3. Commentary on the Ukrainian Issue for the Cypriot Holy Synod The Holy Synod of the Church of Cyprus issued a very diplomatic statement on the Ukrainian issue yesterday, though it was not signed by every bishop on the Synod. Without directly placing any blame, the statement is hard on the Russian Church while not criticizing any of the actions of the Patriarchate of Constantinople. Nevertheless, the Cypriot Synod did not recognize the so-called “Orthodox Church of Ukraine” as a legitimate church and has not entered into Eucharistic communion with them. A translation of the Synodal statement is available on Orthodox Synaxis. After the Synod’s statement was released, a personal statement from His Eminence Metropolitan Nikiforos of Kykkos was published on the Greek site Romfea, which speaks much more directly about the errors of the Patriarchate of Constantinople’s actions in Ukraine and the impossibility of having communion with the Ukrainian schismatics. From the moment that the question of the autocephaly of the Ukrainian Church first arose, we have openly spoken in its favor. In communication with various people—both Church and secular—I have insisted that, in essence, the practice that a politically independent country has its own autocephalous Church prevails in Orthodoxy today. However, I had hoped that this—certainly desirable—autocephalous Orthodox Ukrainian Church would be established not in haste and in a rush, but gradually, with great attention and in agreement with Orthodox tradition, the sacred canons, and generally the totality of the Church-canonical law of our holy Orthodox Church. Unfortunately, the entire process of proclaiming and recognizing the autocephaly of the Ukrainian Orthodox Church did not proceed by the democratic Orthodox conciliar process; it was not democratic and conciliar sentiments and tendencies that triumphed in it, but, as sad as it is to admit, authoritarian and autocratic. Although His All-Holiness Ecumenical Patriarch Bartholomew of Constantinople acknowledged and confirmed by his letter more than twenty years ago the deposition and excommunication of Metropolitan Philaret and his followers as schismatics from the Russian Orthodox Church and in general from the Body of the One, Holy, Catholic, and Apostolic Church; although three years ago, at the Synaxis of Primates in 2016, as His Beatitude Patriarch Kirill of Moscow reports in his open letter, the Patriarch of Constantinople promised that he wouldn’t do this, that he wouldn’t unilaterally grant autocephalous status to the Ukrainian Church and especially to schismatics—despite all of this, he completely without any reason began the process of granting autocephaly to the above-mentioned church. Moreover, what’s even sadder, after twenty years, and his own written agreement with the reprisals imposed on Philaret notwithstanding, he nevertheless restored the above-mentioned condemned person, contradicting himself and restoring those deposed and condemned by the Russian Orthodox Church. In my humble opinion, this action is anti-canonical from the point of view of the sacred canons, which say that any reproach, deposition, and excommunication can be removed only by that body which imposed it and only under the condition of the repentance of those condemned. Therefore, only the Orthodox Moscow Patriarchate had the right to restore Philaret and the canonical jurisdiction to return him to the bosom of the Orthodox Church. The biggest mistake made by the Ecumenical Patriarch, from my humble point of view, is the contemptuous disregard for Metropolitan Onuphry, the Metropolitan of the only Ukrainian Orthodox Church having general canonical recognition, and also the recognition, instead of him, of Epiphany, having no canonical ordination, as Metropolitan of Kiev and All Ukraine, and also the handing of a tomos of autocephaly to him while concelebrating with him. Most blessed and most holy brothers! I can draw only one conclusion. Sadly enough, Ecumenical Patriarch Bartholomew’s granting of autocephalous status to the schismatic community of Philaret and Epiphany not only did not heal the existing schism in Ukraine, but on the contrary, aggravated it. Now, after the granting of the tomos, we see a tragic reality: In Ukraine there exists a canonical Church under Metropolitan Onuphry and a schismatic community under the leadership of the defrocked Philaret and Epiphany. Obviously, there is a danger that after three years of military confrontation, the Ukrainian people will now be divided by a religious confrontation. Even greater is another danger: The unhealed Ukrainian schism could affect, as many have already said, the entire Body of universal Orthodoxy, with which, alas, it proved to be connected. Thus, I believe that we, the Holy Synod of the Cypriot Church, cannot recognize the schismatic Epiphany, having no canonical ordination, as the canonical Metropolitan of Kiev and All Ukraine. It is even more unacceptable for us to have Eucharistic communion with unordained schismatics. Thus, my humble proposals are as follows: 1. Our Holy Synod should not side with either the Moscow Patriarch or the Ecumenical, so as not to damage the mediation efforts of the Church of Cyprus to achieve a canonical solution to the problem. I also express the fear that the worst would happen—that the Slavic Churches would side with the Moscow Patriarchate and the Greeks with the Ecumenical Patriarchate. That would make it a long-lasting schism (to the great joy of the enemies of universal Orthodox). 2. Our Holy Synod should support the proposal of His Beatitude Patriarch John of Antioch to soon convene a pan-Orthodox council or (if it is difficult or even impossible) a Synaxis of the primates, where the Ukrainian issue can be discussed and a canonical resolution will be found in agreement with the sacred canons and Tradition of the Orthodox Church. 3. I believe that the Cypriot Church, having received autocephaly at the Third Ecumenical Council, endowed with authority and crowned with the light of the Eastern Church, can and should play a decisive mediating role in the implementation of the above proposals and the resolution of the problem situation. Metropolitan Nikiforos of Kykkos http://orthochristian.com/119457.html?fbclid=IwAR01srUrO_mYlxyApF8BE8GDgiFookEt0f9r488epHAVAi3RwOtQf1HS2Ag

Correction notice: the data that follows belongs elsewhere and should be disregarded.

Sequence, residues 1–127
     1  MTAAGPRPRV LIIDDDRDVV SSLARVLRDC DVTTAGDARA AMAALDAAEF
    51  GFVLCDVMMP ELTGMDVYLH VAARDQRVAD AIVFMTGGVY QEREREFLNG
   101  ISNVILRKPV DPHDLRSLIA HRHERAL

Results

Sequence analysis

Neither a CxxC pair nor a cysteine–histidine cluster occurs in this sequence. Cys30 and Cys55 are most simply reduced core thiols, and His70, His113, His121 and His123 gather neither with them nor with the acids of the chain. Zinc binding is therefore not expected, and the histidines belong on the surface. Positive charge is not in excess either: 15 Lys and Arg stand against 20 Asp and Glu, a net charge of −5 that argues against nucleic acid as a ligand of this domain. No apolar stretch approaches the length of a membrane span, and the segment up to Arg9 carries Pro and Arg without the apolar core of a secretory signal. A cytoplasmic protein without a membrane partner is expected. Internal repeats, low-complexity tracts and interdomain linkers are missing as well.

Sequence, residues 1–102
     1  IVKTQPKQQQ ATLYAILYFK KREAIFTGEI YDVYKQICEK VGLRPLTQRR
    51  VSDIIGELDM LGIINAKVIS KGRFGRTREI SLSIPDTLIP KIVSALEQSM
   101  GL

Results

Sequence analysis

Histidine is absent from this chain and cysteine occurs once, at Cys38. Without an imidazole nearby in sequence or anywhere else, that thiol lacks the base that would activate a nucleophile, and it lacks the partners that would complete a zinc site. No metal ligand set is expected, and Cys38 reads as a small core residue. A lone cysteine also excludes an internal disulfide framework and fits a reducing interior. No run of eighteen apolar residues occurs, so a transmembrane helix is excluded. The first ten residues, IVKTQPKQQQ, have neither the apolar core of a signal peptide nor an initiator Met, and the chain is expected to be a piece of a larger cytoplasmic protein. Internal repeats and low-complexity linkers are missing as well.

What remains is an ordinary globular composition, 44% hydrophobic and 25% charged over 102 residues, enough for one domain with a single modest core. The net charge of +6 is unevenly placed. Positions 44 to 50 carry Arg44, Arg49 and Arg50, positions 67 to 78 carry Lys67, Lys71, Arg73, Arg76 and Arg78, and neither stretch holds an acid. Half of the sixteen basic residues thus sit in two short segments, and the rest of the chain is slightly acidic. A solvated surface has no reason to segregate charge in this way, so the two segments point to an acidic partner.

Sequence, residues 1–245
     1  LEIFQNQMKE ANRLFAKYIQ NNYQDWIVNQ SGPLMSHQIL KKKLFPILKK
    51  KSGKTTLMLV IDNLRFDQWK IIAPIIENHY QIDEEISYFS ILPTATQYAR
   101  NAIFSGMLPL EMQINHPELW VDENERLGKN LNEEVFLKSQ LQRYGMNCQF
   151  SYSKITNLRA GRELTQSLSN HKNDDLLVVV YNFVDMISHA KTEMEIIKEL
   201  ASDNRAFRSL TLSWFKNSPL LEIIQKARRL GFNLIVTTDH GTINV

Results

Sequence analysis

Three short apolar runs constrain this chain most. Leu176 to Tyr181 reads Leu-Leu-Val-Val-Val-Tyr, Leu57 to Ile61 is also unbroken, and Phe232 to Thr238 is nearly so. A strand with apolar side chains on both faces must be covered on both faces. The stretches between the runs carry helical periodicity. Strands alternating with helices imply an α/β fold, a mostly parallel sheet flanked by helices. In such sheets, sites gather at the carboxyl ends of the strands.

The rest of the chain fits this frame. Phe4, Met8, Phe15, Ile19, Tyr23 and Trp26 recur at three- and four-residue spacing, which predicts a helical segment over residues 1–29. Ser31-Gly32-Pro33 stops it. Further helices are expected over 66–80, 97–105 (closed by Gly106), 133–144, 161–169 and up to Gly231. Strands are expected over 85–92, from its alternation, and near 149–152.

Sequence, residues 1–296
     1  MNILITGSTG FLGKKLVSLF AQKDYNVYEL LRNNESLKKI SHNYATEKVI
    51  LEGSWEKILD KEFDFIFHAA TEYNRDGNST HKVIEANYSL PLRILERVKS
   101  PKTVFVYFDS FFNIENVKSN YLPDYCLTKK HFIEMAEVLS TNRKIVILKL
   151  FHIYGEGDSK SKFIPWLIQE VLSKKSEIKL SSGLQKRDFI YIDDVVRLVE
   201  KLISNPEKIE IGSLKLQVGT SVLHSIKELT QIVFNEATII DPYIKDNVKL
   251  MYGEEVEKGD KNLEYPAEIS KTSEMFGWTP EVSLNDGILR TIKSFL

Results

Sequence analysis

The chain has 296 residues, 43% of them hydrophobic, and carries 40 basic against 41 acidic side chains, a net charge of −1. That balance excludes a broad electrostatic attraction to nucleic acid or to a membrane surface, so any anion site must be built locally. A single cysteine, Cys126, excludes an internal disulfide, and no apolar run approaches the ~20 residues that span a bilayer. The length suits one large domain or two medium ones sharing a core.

4. The Church also calls for a pan-Orthodox gathering to address the Ukrainian issue. Warsaw, November 16, 2018 The official site of the Polish Orthodox Church has published its Council of Bishops’ communiqué from its Wednesday session, confirming earlier reports that they refused to recognize Constantinople’s rehabilitation of the two groups of Ukrainian schismatics. “The Holy Bishops’ Council forbids the priests of the Polish Orthodox Church from having liturgical and prayerful contact with the ‘clergy’ of the so-called Kiev Patriarchate and the so-called ‘Autocephalous Orthodox Church,’ which have committed much evil in the past,” the statement reads. According to the Polish hierarchs, persons deprived of episcopal and clerical ordination cannot be leaders in establishing peace in the Ukrainian Orthodox Church. “Only the observance of the dogmatic and canonical norms of the Church and the preservation of the centuries-old tradition will protect Orthodoxy from severe ecclesiastical consequences on an international scale. The Polish Orthodox Church prays fervently for the unity of the holy Orthodox Church and for peace for the Ukrainian Orthodox Church,” the message further reads. The portions of the communiqué concerning Ukraine read in full: I. The holy Council of Bishops has received disturbing news from Church life in Ukraine, which often affects the life of Orthodoxy in Poland. Considering the above, as well as the general Orthodox concern of the Orthodox Local Churches resulting from the instability of Church life in Ukraine, which has a devastating impact on the whole life of the Church in Orthodoxy in general, the holy Bishops’ Council, in the interest of the good of the holy Orthodox Church, upholds the position expressed in the Council’s resolution of May 9, 2018, No. 340, and reiterates its call to make a decision to gather all the primates of the Orthodox Churches together in the spirit of evangelical love, humility, and understanding, while maintaining dogmatic and canonical doctrine, with mutual respect leading to a peaceful solution to the issue of divided Orthodoxy on Ukrainian soil. Persons deprived of episcopal ordinations and priests cannot be leaders in introducing peace in the Orthodox Church of Ukraine. Their actions cause even more confusion and scandal. Only the observance of the dogmatic and canonical norms of the Church and the preservation of the centuries-old tradition will protect Orthodoxy from severe ecclesiastical consequences on an international scale. The Polish Autocephalous Orthodox Church prays fervently for the unity of the holy Orthodox Church and for peace for the Ukrainian Orthodox Church II. The Holy Bishops’ Council forbids the priests of the Polish Orthodox Church from having liturgical and prayerful contact with the ‘clergy’ of the so-called Kiev Patriarchate and the so-called ‘Autocephalous Orthodox Church,’ who have committed much evil in the past. The Council of Bishops of the Serbian Orthodox Church also recently refused to accept the rehabilitation of the Ukrainian schismatics. In calling for dialogue between the various Orthodox Churches, the Polish Church echoes the call of not only the Russian Church, but also of the Romanian, Antiochian, Georgian, and Orthodox Church in America Holy Synods. The same call has also been made by the primates of the Serbian, Antiochian, Czech and Slovak Churches, and the Finnish Church, which is an autonomous body within the Patriarchate of Constantinople, and also by a joint Antiochian-Serbian statement. Met. Sawa himself made the same call last month. http://orthochristian.com/117295.html?fbclid=IwAR1gsCinoQLTfaJ-OkbCVz_MPRMKH2mL3QDEs9CK_bNZDuiYEZbH8c8__M4